Are you able to extend your knees with this setup? Usually with a compact frame there will be considerable seatpost exposed...
I have a very short inseamJeff Rage
Jul 10, 2003 6:52 AM
I'm a short guy with short legs. So, it may not be possible ofr me to havbe the bars lower than the seat.
Be glad for the stem you have!dzrider
Jul 10, 2003 4:46 AM
It makes it much easier to raise and lower the bars and if your hands are hurting you may want to experiment and find a comfortable position. Comfort is entirely personal and you ain't me, but if it were my bike I would:

Raise the seat and or lower the bars so the seat is a little higher relative to the bars.

Move the brake levers a little further forward, i.e. closer to the ends.

Rotate the bars til they are close to parallel to the ground from the clamp to the hoods.
Chips & SalsaJeff Rage
Jul 10, 2003 6:57 AM
I see that Salsa makes quill stems. That's good to know should I ever need a replacement/different size.

Geewz, one person says raise the bars, another says lower them. I am a short guy with a short inseam, so it may not be possible to have the seat above the bars.
Virtual fitting! Whee....!orange_julius
Jul 10, 2003 8:17 AM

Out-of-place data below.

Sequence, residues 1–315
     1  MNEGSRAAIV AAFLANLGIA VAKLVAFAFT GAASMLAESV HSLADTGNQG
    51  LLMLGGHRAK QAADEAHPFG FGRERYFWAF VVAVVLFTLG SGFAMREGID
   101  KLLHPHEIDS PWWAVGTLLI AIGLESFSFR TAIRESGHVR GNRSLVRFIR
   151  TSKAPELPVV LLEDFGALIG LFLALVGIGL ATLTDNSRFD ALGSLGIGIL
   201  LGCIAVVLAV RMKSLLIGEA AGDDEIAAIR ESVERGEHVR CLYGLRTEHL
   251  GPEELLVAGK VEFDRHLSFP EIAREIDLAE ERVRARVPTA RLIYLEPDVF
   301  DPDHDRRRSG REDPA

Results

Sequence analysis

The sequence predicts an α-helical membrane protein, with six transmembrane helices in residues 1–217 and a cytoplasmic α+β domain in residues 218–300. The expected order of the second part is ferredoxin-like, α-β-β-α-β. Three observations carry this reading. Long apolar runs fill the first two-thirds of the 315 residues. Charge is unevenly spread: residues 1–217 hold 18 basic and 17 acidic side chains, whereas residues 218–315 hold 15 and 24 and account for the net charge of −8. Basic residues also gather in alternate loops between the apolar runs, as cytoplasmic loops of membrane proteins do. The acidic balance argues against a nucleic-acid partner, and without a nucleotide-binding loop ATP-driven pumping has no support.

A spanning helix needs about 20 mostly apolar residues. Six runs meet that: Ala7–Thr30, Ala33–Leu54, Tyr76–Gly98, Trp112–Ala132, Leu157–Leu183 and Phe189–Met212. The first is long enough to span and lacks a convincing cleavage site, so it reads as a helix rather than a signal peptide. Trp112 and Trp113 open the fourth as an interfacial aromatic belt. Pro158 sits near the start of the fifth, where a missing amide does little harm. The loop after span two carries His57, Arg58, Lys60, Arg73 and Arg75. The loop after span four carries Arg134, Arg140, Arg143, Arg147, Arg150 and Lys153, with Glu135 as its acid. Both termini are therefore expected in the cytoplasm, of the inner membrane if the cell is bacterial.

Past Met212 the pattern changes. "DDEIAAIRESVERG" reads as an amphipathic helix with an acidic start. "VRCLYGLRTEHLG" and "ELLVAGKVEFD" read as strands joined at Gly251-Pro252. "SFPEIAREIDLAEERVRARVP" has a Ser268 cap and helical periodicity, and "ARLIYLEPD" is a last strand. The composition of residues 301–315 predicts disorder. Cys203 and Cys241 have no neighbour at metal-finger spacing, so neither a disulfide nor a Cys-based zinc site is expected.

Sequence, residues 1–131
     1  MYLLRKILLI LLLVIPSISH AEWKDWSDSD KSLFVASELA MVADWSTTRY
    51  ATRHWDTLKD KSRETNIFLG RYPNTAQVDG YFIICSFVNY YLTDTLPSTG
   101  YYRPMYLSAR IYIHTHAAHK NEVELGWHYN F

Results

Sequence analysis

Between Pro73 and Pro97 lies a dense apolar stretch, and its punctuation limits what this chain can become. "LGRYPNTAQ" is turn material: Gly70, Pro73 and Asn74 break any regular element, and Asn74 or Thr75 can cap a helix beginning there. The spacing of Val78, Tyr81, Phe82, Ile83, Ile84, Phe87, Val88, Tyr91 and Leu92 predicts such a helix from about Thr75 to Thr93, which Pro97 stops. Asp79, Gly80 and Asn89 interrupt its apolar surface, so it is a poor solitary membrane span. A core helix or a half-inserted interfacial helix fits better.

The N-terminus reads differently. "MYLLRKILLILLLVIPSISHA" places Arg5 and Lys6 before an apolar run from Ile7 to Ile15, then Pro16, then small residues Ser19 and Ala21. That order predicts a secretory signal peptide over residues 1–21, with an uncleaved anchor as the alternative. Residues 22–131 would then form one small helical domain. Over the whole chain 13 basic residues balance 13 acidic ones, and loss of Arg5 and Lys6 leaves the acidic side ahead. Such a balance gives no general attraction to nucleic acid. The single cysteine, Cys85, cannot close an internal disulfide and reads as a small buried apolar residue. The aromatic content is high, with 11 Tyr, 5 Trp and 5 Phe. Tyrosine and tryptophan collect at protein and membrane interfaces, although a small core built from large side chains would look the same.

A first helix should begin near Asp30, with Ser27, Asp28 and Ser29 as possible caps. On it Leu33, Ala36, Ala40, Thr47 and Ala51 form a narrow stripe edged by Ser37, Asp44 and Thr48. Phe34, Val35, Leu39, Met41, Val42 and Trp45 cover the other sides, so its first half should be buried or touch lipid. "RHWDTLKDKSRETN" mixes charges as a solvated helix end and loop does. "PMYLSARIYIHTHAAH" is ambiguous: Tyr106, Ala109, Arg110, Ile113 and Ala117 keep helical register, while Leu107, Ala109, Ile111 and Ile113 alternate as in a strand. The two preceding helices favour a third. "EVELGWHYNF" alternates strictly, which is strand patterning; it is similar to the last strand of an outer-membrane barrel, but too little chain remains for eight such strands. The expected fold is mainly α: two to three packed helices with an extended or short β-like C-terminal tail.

Jeff, when I was moving away from MTB to road-ing,
one thing that helped was to tilt the saddle back
slightly. MTB riders tend to have difficulty finding
comfort zone when riding a road bike, and end up putting
in too much weight on your arms. By tilting the saddle
up a bit, you force yourself to put more of your weight
on the saddle, and relieve the pressures on your arms
and hands. In time you can adjust it to become level
again in small increments.

Anyways, since it seems that you're excited about your
your road bike, and that many posters here are happy to
help you out. So why don't you take a picture of yourself
on your bike, and send it over? Come on, don't be shy!

http://www.bikesportmichigan.com/features/exisitingfit.shtml
Virtual fitting! Whee....!Jeff Rage
Jul 10, 2003 8:40 AM
Oops! That's the wrong bike. I'll try and find someone to take pics of me this weekend. Did you mean just to see who I was or to evaluate my riding position?

Does this pic give you an idea of my dimensions? That bike has a 12" frame!
Virtual fitting! Whee....!orange_julius
Jul 10, 2003 9:37 AM
No, I meant, a picture of you ON the bike's saddle,
as in your riding position. Kind of like in that link
that I sent :-/.....

Nothing personal, but I don't care how you look like on
your own, only how your look like in your riding position.
:-)
Virtual fitting! Whee....!Jeff Rage
Jul 10, 2003 11:07 AM
I'll get over it, someday! :D)

I'll have to take my camera with me next time I ride & have pics taken of me. Should I keep it on this thread or start a new one?
Virtual fitting! Whee....!orange_julius
Jul 10, 2003 1:07 PM
If I were you, I'd take the pics indoors. Have one person
hold the bike upright for you so that you can go through
pedaling motion (backwards, use freewheel). This is
exactly how a professional fitter does it anyway, except
that he/she probably has better eyes and experience than you
and me!

Some things are obvious, such as if you're overstretching,
you can see it immediately, etc. There are plenty of
webpages that have pictures of how a fitting should be, and